They’re not here to be at the top of the ladder; they are here to learn to climb. If they can’t do it on their own, they will survive the disappointment. What’s more, they will have a goal and the incentive to work to achieve it.
It is not my job — and it is certainly not yours — to prevent my children from feeling frustration, fear, or discomfort. If I do, I have robbed them of the opportunity to learn that those things are not the end of the world, and can be overcome or used to their advantage.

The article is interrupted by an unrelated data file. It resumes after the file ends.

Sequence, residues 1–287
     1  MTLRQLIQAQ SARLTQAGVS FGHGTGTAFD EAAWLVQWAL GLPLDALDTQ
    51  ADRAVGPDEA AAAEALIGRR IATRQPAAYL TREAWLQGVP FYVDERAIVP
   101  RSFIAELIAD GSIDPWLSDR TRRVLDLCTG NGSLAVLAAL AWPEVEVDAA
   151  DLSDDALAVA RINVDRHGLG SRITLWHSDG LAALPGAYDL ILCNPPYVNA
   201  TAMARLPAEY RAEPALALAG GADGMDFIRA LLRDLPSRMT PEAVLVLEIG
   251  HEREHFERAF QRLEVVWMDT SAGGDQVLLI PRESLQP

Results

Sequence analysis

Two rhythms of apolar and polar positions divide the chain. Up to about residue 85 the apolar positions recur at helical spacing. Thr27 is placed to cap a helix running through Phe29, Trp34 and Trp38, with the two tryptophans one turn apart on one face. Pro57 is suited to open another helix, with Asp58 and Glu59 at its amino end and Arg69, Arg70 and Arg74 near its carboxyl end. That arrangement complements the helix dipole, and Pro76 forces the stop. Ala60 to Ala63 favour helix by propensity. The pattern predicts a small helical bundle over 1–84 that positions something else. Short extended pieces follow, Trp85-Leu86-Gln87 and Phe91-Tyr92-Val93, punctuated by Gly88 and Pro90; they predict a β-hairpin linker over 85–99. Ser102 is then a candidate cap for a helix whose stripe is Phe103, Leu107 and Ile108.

If they get stuck, it is not my job to save them immediately. If I do, I have robbed them of the opportunity to learn to calm themselves, assess their situation, and try to problem solve their own way out of it.
It is not my job to keep them from falling. If I do, I have robbed them of the opportunity to learn that falling is possible but worth the risk, and that they can, in fact, get up again.
Yes, that’s my son Finn in the photo. Picture’s taken when he was 1.5 years old